I initially wanted to create a pet therapy program to visit
cancer patients. I had personal reasons for wanting to start the
program visiting patients battling cancer. And, I wanted to give back to
Seattle by volunteering in a pet therapy capacity.
If I was given the chance to establish a program visiting cancer patients and prove
to hospital staff this program would be beneficial to patients, I would be
set up for my next goal. My next goal was to recruit other therapy teams
for pet visits and open up the entire hospital for pet therapy visits.
In 2004, I was lucky to meet Robert Wohlman, M.D. Dr. Bob got behind this idea and went to bat for me. Dr. Bob, along with a few other amazing supporters, Gail Ratley, R.N., and Carol Betz, who at that time was the volunteer director, helped me carve a path for this amazing program in 2004.
After finally hearing a “yes,” the new volunteer director, Kim Smith became an ardent supporter of this new program as Carol retired. Kim went to work with other departments setting up policies, procedure and protocol for this new program. We had many meetings creating and reviewing protocol. Thank YOU again, Dr. Bob, Gail, Carol the volunteer department and other departments who got on board with this new program.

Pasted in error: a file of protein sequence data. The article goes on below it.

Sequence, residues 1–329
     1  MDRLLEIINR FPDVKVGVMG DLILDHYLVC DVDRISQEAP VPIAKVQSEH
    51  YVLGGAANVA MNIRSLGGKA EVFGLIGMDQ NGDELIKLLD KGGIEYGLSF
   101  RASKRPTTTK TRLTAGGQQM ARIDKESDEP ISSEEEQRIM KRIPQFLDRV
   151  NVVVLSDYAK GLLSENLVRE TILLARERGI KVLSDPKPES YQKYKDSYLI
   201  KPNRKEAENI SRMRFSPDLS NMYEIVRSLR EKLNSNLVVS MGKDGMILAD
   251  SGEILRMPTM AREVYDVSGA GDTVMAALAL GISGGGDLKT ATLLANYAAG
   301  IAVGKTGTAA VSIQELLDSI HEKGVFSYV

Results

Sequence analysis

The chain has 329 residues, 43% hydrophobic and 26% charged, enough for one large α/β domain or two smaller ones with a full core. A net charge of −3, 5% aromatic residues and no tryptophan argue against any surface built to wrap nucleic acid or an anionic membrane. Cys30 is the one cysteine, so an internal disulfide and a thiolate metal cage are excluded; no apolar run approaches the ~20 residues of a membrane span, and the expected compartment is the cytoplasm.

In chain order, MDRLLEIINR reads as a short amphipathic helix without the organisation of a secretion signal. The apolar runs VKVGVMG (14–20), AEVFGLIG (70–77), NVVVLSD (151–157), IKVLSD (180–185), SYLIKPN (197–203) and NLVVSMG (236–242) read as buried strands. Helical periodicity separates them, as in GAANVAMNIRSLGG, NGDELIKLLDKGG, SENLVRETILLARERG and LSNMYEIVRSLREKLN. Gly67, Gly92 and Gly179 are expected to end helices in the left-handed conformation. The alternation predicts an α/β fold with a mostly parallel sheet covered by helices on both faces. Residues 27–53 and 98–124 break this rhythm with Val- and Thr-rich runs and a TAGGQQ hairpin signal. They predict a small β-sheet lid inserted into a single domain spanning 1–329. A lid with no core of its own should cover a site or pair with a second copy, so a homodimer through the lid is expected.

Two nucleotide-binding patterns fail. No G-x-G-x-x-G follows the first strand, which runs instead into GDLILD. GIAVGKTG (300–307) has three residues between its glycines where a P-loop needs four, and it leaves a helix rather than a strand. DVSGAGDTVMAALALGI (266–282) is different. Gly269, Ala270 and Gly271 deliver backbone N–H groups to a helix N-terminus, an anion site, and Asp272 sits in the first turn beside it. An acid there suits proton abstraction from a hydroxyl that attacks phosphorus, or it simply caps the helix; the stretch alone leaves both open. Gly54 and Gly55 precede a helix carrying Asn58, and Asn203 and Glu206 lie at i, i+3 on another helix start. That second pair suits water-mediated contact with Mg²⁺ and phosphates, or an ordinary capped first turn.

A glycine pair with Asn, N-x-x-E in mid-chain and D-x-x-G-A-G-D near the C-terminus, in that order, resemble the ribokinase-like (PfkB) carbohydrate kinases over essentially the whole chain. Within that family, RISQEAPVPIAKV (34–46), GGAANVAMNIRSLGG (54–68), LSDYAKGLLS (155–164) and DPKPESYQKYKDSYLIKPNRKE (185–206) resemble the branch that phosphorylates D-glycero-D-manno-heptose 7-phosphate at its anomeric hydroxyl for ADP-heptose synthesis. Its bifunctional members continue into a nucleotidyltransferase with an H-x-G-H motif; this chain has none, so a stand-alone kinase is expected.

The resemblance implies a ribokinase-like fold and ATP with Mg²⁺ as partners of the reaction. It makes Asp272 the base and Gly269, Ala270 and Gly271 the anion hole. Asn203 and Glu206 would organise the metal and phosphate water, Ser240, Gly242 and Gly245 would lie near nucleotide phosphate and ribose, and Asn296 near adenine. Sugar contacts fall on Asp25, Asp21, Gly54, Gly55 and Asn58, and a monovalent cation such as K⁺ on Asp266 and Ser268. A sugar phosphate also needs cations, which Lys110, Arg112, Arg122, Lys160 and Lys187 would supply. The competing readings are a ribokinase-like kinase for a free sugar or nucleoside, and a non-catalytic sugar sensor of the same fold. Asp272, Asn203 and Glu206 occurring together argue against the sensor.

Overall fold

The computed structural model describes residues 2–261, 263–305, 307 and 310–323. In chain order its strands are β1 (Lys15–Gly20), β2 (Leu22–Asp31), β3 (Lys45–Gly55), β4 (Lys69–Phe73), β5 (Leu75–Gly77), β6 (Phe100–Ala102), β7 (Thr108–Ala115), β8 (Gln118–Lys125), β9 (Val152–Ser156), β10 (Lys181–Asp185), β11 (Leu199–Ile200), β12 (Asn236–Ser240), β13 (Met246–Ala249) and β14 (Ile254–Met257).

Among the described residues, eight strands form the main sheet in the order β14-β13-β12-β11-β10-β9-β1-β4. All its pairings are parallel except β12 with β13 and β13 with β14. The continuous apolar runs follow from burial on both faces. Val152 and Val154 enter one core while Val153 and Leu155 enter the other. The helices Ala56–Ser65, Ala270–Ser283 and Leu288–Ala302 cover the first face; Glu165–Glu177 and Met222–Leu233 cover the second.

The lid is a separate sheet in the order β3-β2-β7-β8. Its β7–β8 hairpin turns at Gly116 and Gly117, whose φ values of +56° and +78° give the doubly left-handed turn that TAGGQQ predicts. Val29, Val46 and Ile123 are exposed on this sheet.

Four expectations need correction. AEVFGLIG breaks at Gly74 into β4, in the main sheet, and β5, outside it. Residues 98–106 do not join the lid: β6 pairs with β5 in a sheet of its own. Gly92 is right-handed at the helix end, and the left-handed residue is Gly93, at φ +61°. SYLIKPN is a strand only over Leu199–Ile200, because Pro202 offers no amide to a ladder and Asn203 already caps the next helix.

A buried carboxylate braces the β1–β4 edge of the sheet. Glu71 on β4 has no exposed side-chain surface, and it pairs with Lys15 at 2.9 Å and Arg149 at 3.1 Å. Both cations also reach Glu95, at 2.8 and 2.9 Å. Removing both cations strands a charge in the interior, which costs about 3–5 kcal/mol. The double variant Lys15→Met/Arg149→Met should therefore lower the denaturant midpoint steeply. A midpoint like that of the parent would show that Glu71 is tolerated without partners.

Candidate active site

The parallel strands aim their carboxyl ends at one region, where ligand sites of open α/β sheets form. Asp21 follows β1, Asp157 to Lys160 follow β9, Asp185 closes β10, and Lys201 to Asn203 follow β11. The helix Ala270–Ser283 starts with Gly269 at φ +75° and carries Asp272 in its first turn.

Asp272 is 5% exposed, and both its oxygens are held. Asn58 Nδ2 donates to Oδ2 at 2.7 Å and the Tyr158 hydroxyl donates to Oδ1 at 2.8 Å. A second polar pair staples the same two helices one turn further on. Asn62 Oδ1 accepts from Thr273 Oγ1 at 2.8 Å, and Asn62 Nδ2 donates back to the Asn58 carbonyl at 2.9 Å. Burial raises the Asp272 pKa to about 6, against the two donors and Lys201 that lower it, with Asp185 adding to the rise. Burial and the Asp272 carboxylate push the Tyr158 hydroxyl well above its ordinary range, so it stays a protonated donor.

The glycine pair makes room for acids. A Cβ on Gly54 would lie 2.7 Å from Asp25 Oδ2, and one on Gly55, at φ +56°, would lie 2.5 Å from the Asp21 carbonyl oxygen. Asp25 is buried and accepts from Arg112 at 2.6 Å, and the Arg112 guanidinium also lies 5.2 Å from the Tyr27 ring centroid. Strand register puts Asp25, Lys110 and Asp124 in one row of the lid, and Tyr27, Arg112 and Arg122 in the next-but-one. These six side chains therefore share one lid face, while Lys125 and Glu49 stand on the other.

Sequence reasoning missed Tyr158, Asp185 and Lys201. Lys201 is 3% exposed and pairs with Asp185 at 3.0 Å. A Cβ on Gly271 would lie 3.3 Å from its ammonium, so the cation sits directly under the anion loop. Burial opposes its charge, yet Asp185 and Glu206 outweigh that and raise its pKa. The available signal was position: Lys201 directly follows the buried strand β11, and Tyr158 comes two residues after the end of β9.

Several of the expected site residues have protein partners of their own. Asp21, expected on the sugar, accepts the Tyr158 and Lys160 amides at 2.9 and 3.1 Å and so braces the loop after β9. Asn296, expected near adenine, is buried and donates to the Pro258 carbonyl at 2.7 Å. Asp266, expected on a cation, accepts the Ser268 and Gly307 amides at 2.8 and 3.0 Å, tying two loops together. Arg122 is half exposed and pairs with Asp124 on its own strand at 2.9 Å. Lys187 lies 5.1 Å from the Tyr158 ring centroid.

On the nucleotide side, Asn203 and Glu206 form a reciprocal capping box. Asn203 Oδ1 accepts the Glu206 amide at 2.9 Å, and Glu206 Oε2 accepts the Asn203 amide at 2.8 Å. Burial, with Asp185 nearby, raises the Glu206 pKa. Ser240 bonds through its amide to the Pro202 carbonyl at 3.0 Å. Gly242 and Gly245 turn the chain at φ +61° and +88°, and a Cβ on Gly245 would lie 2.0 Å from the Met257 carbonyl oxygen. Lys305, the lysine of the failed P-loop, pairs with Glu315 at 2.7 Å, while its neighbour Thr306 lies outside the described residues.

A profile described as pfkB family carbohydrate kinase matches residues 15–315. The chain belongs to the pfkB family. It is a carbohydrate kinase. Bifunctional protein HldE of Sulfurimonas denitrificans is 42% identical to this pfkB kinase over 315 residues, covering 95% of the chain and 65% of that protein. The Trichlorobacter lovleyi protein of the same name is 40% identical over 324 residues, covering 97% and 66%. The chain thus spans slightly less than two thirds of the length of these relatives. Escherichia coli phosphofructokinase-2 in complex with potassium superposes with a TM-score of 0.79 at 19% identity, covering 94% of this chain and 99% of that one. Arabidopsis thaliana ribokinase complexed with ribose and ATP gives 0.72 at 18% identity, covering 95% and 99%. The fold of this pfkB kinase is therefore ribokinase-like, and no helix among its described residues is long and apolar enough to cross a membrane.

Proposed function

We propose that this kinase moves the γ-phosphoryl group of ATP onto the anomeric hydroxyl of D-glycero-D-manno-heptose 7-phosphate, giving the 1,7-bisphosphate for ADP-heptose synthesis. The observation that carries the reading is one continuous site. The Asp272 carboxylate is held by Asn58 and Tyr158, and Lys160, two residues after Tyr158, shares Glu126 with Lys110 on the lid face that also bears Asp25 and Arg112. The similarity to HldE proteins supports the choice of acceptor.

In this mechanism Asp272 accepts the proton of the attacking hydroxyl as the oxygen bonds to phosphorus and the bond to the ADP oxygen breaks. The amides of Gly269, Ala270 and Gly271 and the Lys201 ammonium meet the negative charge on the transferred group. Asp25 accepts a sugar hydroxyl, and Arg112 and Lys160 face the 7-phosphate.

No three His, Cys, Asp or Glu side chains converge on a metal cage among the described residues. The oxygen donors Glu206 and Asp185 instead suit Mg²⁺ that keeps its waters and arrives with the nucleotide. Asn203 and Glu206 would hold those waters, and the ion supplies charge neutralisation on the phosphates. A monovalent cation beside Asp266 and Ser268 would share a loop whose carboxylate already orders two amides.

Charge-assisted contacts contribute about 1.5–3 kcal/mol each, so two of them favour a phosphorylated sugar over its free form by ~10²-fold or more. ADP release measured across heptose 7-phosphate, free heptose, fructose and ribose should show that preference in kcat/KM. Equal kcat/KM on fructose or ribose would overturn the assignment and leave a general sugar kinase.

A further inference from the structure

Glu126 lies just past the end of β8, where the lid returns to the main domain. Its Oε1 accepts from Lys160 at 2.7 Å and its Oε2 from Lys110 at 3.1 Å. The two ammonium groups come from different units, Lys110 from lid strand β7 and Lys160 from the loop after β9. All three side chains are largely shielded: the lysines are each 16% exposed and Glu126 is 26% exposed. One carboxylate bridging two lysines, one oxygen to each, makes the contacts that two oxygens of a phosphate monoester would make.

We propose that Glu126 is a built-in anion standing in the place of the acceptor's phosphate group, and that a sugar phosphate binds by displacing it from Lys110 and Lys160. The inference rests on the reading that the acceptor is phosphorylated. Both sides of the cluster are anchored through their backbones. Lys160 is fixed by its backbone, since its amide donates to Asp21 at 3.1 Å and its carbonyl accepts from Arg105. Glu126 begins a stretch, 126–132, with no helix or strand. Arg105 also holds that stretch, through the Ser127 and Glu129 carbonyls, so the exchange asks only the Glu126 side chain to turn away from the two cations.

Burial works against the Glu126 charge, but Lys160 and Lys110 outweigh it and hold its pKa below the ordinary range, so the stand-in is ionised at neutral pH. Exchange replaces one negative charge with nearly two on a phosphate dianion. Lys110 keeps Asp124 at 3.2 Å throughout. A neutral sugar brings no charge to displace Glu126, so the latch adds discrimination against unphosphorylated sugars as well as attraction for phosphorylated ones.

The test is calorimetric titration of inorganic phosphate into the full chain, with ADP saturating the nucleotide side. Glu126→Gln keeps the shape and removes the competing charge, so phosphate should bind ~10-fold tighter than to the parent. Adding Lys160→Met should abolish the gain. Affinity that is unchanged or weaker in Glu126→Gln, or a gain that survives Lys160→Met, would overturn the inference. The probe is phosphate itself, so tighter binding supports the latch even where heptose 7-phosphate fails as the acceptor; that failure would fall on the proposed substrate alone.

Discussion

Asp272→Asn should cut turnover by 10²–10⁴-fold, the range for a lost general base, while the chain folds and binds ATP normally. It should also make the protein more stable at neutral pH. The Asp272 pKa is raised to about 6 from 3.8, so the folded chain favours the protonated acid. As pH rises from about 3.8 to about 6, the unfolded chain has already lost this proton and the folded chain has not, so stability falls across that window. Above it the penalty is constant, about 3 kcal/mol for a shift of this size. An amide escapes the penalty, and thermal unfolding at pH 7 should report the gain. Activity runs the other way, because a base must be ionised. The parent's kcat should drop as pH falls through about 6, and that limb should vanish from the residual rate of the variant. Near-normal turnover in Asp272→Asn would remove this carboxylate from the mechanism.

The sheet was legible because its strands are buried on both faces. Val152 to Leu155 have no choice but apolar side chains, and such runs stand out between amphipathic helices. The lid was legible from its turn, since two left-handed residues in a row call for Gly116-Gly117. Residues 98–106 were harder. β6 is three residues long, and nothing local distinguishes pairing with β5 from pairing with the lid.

Then, in 2005, with the unwavering support of the volunteer department,
and most of the staff, our pet visitation program was launched.
Our first visit was March 14, 2005 with one handler, me,
and one dog, my Doberman Pinscher, Fraser.
Fraser and I passed the hospital’s 90 day probation period
with rave reviews from patients and staff.
The units that were authorized for our test run were oncology and rehabilitation. After this preliminary success, I was given the green light to recruit other teams, and along with the volunteer department and staff open up other units for therapy visits.
Our Dedicated Volunteers
Then and Now
The volunteer department and I are proud to have teams visiting every
authorized unit at the hospital. The staff at Overlake has been incredibly
supportive of our program over the past couple of years. I continue to be grateful
for their support.
Our program has grown to include a variety of loving dogs and dedicated owners. Many of our dogs are featured on this site, with more pictures to come. Our volunteer dogs come in all shapes and sizes and bring their gift of unconditional love to patients at Overlake. We are pleased to have contributed over a thousand volunteer hours thus far visiting patients, families and staff at the Hospital.